Haifaa Al-Mansour

Haifaa Al-Mansour

Ground-breaking Saudi filmmaker Haifaa Al-Mansour will return home to shoot her next film, The Perfect Candidate, about a young female doctor with political ambitions who runs for municipal office while her father is away touring the country.

Al-Mansour made history in 2012 as the first female Saudi filmmaker with the award-winning picture Wadjda, her first film that shot entirely in Saudi and was the kingdom’s first submission to the Oscars. 

Her subsequent features Mary Shelley and Nappily Ever After were shot outside Saudi Arabia.

The filmmaker is now playing an active role in Saudi Arabia’s bid to build a film and TV industry following the lifting of its 30-year cinema ban last December.  

The Perfect Candidate will be the first production to be supported by the Saudi Film Council, the recently-created body operating under the aegis of the General Culture Authority of Saudi Arabia.

The production reunites Al-Mansour – who also produces under her Al Mansour Productions in Saudi Arabia - with Wadjda producers Gerhard Meixner and Roman Paul of Razor Film Produktion in Berlin.

The co-production was negotiated by UTA Independent Film Group, which will handle sales in North America. The Match Factory will handle sales internationally. Al-Mansour will direct from a script she wrote with Brad Niemann, and filming is expected to start in Riyadh, Saudi Arabia, by mid-September.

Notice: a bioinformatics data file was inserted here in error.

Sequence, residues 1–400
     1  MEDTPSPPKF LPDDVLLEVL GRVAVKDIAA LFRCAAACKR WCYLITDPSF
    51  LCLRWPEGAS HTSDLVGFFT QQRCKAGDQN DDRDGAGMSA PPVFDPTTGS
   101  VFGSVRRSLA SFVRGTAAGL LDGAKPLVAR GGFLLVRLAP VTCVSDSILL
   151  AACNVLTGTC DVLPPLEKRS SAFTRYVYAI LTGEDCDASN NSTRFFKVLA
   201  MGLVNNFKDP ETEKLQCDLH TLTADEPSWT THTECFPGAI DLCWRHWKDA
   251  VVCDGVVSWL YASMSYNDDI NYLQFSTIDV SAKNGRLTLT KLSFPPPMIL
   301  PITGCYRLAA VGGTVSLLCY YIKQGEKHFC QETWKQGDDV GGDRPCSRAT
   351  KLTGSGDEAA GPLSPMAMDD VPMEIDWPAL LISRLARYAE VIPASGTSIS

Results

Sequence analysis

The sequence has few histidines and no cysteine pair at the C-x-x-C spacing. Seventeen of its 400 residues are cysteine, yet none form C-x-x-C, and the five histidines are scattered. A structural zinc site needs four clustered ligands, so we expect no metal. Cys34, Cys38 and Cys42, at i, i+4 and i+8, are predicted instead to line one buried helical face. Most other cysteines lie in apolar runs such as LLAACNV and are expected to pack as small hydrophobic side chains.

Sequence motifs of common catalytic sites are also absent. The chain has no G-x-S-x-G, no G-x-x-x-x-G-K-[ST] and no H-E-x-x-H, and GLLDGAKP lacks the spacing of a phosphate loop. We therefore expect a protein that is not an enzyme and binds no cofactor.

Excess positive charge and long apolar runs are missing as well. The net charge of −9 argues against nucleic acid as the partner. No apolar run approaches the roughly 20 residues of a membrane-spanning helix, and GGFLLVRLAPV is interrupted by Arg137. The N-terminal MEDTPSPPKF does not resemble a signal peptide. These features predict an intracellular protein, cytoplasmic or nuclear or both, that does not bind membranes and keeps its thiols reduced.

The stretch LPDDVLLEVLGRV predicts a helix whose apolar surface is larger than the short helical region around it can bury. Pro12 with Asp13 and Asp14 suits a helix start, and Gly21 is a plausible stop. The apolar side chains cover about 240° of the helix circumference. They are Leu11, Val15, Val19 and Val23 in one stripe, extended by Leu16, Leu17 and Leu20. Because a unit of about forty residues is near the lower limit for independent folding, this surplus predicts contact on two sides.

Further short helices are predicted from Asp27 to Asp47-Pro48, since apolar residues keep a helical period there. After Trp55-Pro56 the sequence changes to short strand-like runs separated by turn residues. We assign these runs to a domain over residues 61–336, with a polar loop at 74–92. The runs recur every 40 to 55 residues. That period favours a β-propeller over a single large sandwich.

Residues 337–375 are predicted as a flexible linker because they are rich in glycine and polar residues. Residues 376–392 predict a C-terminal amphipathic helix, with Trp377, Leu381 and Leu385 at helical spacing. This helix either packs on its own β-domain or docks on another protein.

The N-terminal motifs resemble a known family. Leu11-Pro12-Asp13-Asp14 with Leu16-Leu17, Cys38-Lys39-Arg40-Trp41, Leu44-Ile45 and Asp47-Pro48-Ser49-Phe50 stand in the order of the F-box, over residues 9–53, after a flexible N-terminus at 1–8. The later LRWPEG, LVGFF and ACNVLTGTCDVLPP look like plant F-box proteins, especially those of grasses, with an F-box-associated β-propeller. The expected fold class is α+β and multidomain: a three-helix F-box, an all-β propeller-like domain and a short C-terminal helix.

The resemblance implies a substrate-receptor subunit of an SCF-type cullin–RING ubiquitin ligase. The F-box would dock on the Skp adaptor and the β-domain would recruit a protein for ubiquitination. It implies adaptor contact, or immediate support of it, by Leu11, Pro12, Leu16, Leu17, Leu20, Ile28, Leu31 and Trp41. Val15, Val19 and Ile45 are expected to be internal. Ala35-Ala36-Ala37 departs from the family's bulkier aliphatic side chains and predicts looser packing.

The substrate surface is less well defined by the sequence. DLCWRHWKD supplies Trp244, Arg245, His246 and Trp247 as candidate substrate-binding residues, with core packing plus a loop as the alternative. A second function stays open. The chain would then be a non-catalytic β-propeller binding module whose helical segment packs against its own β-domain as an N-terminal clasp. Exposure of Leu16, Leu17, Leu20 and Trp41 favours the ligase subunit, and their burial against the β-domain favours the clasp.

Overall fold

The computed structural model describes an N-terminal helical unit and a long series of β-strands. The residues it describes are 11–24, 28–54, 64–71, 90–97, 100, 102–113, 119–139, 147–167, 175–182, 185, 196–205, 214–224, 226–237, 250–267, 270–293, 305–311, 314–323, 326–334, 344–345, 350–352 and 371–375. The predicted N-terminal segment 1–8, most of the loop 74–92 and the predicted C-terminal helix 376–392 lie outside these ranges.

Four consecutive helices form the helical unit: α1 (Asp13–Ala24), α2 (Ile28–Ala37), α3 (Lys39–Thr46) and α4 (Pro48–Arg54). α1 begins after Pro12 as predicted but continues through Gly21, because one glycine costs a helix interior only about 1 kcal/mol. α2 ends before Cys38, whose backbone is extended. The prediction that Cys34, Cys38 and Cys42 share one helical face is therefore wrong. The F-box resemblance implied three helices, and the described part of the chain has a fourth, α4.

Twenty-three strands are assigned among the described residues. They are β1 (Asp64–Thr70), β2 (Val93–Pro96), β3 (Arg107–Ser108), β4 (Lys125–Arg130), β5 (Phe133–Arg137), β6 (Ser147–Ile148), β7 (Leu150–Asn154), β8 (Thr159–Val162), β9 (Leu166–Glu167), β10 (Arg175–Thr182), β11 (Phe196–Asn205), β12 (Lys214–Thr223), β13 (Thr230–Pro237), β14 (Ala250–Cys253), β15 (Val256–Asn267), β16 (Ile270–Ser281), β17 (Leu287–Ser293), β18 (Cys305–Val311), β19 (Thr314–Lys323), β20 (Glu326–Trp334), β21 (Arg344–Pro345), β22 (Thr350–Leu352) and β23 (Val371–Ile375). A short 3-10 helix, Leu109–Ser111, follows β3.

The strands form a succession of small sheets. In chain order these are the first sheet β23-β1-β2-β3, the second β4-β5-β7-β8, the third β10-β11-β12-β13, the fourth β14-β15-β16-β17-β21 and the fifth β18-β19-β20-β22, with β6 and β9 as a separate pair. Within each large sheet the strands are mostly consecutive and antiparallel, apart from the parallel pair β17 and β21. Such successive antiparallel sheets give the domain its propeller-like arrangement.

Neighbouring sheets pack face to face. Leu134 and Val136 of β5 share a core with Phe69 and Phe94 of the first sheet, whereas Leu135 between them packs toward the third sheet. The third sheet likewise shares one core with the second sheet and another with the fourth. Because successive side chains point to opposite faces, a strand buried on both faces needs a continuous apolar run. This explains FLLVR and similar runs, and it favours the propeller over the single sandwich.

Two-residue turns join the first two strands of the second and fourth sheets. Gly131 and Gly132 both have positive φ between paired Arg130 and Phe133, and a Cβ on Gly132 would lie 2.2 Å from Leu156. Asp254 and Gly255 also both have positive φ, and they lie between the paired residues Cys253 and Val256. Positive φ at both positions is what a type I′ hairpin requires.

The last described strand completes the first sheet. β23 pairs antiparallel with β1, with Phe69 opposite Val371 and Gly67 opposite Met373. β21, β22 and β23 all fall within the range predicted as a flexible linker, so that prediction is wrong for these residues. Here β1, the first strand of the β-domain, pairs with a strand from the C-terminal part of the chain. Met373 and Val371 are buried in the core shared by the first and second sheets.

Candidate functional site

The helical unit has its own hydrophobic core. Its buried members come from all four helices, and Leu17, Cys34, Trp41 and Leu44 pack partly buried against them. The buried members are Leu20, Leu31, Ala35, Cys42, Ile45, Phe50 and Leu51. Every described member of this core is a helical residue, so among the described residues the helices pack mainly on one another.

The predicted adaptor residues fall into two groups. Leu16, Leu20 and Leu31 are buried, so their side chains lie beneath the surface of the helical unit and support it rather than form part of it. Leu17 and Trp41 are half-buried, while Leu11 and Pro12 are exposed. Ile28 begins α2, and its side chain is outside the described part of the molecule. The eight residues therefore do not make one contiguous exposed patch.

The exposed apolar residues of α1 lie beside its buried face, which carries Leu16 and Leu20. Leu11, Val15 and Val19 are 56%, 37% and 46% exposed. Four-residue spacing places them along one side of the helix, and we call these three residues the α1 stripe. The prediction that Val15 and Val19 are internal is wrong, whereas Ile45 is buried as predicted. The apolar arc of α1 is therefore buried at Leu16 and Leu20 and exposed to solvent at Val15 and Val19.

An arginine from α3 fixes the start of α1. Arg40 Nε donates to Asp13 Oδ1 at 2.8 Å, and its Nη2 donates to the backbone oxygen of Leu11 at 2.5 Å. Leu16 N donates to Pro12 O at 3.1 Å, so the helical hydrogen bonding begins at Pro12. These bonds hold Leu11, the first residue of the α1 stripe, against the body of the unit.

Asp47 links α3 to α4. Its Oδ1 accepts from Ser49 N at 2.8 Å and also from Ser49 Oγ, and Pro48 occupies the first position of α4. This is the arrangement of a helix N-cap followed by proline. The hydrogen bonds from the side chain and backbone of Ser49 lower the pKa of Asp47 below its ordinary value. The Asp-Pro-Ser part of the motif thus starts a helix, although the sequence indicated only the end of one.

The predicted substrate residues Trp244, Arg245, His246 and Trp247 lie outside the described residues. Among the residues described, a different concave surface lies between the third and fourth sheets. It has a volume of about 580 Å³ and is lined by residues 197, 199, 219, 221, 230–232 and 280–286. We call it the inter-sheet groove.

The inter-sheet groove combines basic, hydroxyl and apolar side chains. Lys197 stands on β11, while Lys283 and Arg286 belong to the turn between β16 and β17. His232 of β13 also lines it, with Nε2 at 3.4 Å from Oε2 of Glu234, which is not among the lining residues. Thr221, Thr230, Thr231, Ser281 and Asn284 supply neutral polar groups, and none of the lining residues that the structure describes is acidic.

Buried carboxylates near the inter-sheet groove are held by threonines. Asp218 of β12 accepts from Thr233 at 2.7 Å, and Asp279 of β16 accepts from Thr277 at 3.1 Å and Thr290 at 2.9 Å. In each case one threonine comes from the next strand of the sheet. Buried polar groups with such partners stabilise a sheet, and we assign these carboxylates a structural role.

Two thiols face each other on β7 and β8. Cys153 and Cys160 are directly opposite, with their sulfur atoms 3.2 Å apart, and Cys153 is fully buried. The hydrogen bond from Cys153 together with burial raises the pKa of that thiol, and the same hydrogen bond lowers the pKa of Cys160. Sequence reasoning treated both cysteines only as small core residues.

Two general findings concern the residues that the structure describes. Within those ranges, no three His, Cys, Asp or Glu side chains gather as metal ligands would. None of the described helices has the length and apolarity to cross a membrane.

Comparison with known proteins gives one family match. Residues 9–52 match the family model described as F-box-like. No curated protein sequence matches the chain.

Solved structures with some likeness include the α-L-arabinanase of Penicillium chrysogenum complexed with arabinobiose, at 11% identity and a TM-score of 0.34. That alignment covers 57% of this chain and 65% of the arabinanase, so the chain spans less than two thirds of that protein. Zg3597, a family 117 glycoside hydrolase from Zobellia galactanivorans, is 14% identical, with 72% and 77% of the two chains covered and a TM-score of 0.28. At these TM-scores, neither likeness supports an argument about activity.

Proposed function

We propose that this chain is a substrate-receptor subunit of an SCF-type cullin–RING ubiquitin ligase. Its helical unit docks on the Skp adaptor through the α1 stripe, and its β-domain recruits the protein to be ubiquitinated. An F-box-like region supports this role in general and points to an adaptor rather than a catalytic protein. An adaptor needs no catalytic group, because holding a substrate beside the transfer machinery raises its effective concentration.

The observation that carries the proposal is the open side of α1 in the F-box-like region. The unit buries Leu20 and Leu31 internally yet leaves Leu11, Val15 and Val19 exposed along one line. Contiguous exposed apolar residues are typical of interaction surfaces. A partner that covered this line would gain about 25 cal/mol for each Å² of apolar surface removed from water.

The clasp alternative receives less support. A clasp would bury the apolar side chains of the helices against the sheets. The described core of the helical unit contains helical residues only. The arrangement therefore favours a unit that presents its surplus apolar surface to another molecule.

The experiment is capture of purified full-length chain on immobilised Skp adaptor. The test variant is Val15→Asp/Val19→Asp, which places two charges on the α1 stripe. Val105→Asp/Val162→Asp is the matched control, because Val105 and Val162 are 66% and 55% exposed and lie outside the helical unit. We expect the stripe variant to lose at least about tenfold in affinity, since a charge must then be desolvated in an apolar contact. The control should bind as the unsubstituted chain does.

The drama revolves around a young female doctor who runs for municipal office while her father is off touring the country with the re-established Saudi National Band, which had been banned under laws prohibiting public music performances.

It is described in a UTA release as “a tale that applauds women’s ambitions in politics while celebrating Saudi’s lost arts and the return of music to its small towns. Similar to Al-Mansour’s own enterprising nature, the film’s protagonist is prompted to disrupt the societal constructs that permeate her conservative, male-dominated culture.”

Speaking about the project, Al-Mansour said, “I believe that change must ultimately be sustained and driven by the people who are most in need of improvements and increased mobility in their daily lives.”

“I want to help lead this positive change by telling a story that is full of hope and celebrates the power of resiliency and hard work. I want to encourage Saudi women to seize the moment, to take a chance, and break away from the system that for so long has held us back.” 

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